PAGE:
Kulsoom Nawaz, 68, dies in London

Prime Minister Imran Khan has directed the Pakistani High Commission in London to assist the bereaved family and provide all necessary facilities to the heirs of the deceased. (AFP/File)
Updated 11 September 2018
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Kulsoom Nawaz, 68, dies in London

  • Ex-PM Nawaz Sharif’s wife was undergoing cancer treatment in the UK
  • PM Khan directs officials to provide all assistance to deceased’s family in London

ISLAMABAD: Pakistan’s former first lady, Kulsoom Nawaz, died at the Harley Street Clinic in London, on Tuesday, succumbing to a long battle with cancer.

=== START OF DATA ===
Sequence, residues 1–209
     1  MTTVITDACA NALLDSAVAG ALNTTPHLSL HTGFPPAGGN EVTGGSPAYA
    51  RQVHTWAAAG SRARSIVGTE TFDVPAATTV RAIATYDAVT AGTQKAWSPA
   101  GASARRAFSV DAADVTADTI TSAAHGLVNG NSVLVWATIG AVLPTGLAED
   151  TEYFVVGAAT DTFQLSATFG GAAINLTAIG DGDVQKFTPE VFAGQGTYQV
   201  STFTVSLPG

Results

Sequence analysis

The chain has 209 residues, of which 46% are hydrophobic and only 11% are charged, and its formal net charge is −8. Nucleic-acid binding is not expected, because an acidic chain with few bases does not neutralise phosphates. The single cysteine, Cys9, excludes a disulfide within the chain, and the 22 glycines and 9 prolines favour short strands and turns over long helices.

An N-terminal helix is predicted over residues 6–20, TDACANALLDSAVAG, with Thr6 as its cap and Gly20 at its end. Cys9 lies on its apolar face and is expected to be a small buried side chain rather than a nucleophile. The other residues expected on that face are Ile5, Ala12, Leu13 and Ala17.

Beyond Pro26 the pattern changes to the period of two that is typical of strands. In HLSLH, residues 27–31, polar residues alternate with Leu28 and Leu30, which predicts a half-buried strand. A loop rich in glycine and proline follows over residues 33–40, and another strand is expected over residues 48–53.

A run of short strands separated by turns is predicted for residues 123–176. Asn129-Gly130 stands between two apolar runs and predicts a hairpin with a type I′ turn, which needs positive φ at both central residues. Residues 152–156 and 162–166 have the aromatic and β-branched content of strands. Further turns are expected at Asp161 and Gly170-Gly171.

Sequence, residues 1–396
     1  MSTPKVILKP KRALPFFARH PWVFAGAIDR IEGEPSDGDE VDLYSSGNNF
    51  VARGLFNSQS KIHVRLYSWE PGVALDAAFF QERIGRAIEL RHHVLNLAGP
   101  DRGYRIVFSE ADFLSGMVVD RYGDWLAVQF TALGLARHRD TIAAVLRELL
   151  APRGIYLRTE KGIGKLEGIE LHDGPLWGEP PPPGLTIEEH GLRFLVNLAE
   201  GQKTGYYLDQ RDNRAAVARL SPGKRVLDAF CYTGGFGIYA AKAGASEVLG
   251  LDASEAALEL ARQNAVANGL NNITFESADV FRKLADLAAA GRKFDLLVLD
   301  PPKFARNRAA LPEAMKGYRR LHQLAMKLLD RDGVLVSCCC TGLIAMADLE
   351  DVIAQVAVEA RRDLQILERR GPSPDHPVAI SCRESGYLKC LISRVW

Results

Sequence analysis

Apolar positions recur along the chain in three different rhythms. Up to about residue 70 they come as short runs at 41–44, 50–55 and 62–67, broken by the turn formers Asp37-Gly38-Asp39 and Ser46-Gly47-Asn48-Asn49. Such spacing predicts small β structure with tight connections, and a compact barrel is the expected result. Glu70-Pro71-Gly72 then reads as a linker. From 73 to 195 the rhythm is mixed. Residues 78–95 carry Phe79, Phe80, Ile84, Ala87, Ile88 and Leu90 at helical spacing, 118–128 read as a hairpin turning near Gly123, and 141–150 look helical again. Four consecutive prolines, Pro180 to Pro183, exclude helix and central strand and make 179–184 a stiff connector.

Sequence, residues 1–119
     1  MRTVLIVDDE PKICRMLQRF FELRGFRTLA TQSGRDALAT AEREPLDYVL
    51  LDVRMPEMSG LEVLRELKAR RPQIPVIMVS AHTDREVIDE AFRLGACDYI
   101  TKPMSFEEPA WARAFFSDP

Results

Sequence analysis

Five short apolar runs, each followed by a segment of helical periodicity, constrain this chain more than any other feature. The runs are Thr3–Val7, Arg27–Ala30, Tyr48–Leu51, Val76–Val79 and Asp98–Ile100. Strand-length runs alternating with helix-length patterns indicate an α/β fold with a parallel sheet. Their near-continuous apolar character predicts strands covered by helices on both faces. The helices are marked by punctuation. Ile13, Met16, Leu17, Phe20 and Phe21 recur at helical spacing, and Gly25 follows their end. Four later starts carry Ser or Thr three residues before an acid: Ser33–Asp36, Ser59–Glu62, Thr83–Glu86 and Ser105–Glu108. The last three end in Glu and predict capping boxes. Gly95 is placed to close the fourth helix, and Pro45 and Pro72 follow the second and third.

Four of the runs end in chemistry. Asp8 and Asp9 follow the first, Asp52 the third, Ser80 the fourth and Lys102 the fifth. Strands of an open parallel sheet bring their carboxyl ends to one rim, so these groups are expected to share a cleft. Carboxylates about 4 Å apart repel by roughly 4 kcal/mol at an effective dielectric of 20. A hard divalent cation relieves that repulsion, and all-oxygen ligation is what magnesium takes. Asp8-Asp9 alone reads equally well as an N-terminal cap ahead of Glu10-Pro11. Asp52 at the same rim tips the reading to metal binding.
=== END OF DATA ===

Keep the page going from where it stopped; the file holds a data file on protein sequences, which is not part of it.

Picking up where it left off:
Three times ex-premier Nawaz Sharif’s wife, 68-year-old Kulsoom was on life support for several weeks before she finally slipped into a coma in June this year following a cardiac arrest. 
She was diagnosed with lymphoma in August 2017.
Shahbaz Sharif, the former chief minister of Punjab and Nawaz’s younger brother, confirmed the news in a tweet.
Prime Minister Imran Khan expressed deep grief at the turn of events, directing the Pakistan High Commission in London to assist the bereaved family with all help required.

Chief of Army Staff, Gen Qamar Javed Bajwa, also expressed his heartfelt condolences to the Sharif family. In comments, tweeted by Military Spokesman Maj Gen Asif Ghafoor, Bajwa said: “May Allah bless the departed soul with eternal peace at Heaven — Amen”.